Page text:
Nine out of 10 people believe tax avoidance by large companies is morally wrong, even if technically legal, according to a survey that appears to reflect growing unease in UK’s unwillingness to tackle the issue, reported theguardian.com, recently. The Guardian also revealed the lengths to which companies will go to avoid paying substantial amounts of UK tax on some of the biggest property deals in recent years.
Tax evasion is the illegal evasion of tax, it often entails taxpayers deliberately misrepresenting the true state of their affairs to the tax authorities to reduce their tax liability and includes dishonest tax reporting. In contrast, tax avoidance is the legal use of tax laws to reduce one’s tax burden.
According to HM Revenue and Customs (HMRC) in UK, tax avoidance often involves contrived, artificial transactions that serve little or no purpose other than to produce a much lower tax to the detriment of the government. It involves operating within the letter, but not the spirit, of the law. Therefore, both tax evasion and avoidance can be viewed as forms of tax noncompliance.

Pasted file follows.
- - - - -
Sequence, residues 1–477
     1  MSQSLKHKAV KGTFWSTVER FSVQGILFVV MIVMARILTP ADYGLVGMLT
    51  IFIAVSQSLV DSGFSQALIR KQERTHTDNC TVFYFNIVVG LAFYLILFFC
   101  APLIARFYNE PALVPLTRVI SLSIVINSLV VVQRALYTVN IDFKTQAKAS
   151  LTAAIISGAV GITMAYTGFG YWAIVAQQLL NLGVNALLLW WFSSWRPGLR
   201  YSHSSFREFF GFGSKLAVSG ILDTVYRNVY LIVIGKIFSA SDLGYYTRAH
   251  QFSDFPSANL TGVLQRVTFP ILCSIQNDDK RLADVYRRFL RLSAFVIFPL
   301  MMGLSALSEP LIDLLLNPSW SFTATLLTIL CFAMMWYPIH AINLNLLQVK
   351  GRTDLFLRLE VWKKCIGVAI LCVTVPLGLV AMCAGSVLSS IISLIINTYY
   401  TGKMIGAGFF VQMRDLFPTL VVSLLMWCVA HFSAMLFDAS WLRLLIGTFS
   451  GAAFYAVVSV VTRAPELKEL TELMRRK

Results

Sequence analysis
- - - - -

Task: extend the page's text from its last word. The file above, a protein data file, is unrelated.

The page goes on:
Globally, the biggest companies in the world are fighting many governments to prove they were not engaged in tax evasion. But the range of activities carried out to subvert the respective tax systems points to an intent by them to pay less tax than any commercial sense. It is also reported that leading accountancy firms could be seen recommending the use of offshore companies and a series of complex loans to minimise the tax bills despite only law firms being exposed in Paradise papers and Panama papers.
Overall, the Board of directors should drive good tax behavior and take responsibility for the tax risks of their companies. Any structuring should not be artificial to manipulate or push the boundaries of the law. If tax planning is part of the way business is conducted and makes commercial sense then that’s good business. With the global attention on avoidance and it’s ill effects, now is a good time for Boards to reflect on proper tax governance and implement a tax governance framework. Boards should ensure that tax risk management is part of their corporate governance framework.